A film crew goes to a tropical island for an exotic location shoot and discovers a colossal ape who takes a shine to their female blonde star. He is then captured and brought back to New York City for public exhibition.
Working in Dr. Cranley's laboratory, scientist Jack Griffin was always given the latitude to conduct some of his own experiments. His sudden departure, however, has Cranley's daughter Flora worried about him. Griffin has taken a room at the nearby Lion's Head Inn, hoping to reverse an experiment he conducted on himself that made him invisible. Unfortunately, the drug he used has also warped his mind, making him aggressive and dangerous. He's prepared to do whatever it takes to restore his appearance, and several will die in the process.Written by
garykmcd / edited by statmanjeff
Part of the original 'Shock Theater' package of 52 Universal titles released to television in 1957, followed a year later with 'Son of Shock', which added 20 more features. See more »
The film appears to be set in England; however, the train that gets wrecked has a distinctly American appearance. See more »
Man in Pub:
Did you hear about Mrs. Mason's little Willy? Sent him to school and found him buried ten-foot deep in a snow drift.
Man in Pub # 2:
How did they get him out?
Man in Pub:
Brought the fire engine 'round, put the hose pipe in, pumped it backwards and sucked him out.
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Claude Rains is the only actor in the film whose character is identified in the credits. We are not told which roles the other actors play, even though the cast is listed twice: at the beginning and at the end. Rains is billed as "The Invisible One" in the opening credits and as "The Invisible Man" in the closing credits. See more »
When the film was released to home video, Universal Studios replaced a snippet of music heard on the radio when Dr. Kemp is reading a newspaper in his house, and the Invisible Man enters through a set of French doors. Universal was unable to secur the rights for the original music and replaced it, covering the original sound effects (the sound of the newspaper and the door latch) in the process. See more »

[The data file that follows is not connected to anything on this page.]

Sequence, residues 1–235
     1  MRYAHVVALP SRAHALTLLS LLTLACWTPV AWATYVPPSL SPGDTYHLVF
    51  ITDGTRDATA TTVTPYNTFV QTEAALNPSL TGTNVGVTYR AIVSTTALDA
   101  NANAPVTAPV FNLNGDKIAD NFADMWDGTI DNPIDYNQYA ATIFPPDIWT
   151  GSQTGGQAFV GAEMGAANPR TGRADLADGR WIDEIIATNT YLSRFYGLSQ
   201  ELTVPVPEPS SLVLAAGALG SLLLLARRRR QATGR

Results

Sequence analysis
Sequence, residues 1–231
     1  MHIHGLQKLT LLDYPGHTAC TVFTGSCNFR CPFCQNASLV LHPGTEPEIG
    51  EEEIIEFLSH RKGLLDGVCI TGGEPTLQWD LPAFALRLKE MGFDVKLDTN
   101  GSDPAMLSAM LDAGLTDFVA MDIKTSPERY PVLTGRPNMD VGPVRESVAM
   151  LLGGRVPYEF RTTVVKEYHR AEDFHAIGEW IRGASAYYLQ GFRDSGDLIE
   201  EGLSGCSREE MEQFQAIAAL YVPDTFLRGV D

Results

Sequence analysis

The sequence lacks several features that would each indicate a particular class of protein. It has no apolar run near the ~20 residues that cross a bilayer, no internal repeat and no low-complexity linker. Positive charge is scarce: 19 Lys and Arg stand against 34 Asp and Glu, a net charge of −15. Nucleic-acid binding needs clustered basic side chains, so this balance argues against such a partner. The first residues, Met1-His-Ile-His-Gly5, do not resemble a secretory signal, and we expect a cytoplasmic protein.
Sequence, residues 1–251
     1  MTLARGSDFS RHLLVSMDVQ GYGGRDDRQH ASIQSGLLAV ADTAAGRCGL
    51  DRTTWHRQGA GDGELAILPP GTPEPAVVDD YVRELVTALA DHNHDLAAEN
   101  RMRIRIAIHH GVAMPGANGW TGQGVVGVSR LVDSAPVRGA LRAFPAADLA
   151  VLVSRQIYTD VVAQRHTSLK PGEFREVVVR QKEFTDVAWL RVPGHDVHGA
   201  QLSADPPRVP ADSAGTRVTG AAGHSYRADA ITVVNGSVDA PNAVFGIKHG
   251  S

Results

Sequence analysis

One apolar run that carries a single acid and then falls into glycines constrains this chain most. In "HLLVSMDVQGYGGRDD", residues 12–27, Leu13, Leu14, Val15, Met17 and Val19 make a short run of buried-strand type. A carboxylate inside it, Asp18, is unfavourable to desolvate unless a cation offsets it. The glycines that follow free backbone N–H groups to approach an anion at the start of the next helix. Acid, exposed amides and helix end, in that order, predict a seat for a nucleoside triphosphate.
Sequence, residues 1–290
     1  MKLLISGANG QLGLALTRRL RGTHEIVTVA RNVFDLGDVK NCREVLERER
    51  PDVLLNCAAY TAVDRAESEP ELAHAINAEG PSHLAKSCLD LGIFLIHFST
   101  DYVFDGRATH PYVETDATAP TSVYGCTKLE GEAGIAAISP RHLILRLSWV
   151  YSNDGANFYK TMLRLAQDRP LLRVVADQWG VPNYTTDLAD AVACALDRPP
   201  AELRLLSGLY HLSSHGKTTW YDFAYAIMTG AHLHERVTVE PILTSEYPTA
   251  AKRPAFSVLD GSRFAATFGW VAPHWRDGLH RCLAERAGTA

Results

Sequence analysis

Oh! What a wonderful film! The Invisible Man is fraught with witty dialogue, excellent character acting, inventive and creative special effects, insightful direction, and solid, tight scripting. The story is about a scientist that develops a serum which turns himself invisible, for good intent initially. The serum has negative side effects, one of which is turning the scientist into a raving,mad megalomaniac bent on conquering mankind and the world. What is most surprising about the film is its rather perverse sense of black humour(a James Whale specialty) and its cruelty. The Invisible Man is not a benign horror monster but rather a frightening, destructive force capable of acts of violence, madness, and viciousness. The direction is the real star of the film as Whale combines script, acting, mood, and setting amidst the background of ground-breaking special effects that are still impressive to this day. Whale laces his special humour throughout, and this film has no shortage of dark comedic moments. The acting all around is very good with people like Henry Travers, Gloria Stuart, Una O'Connor and William Harrigan especially as a jealous doctor giving all the support they can to a formless Claude Rains. Rains's voice is magnificent and one senses he was made to play the part that would make him famous. Look for Dwight Frye in a small role. A wonderful film experience!
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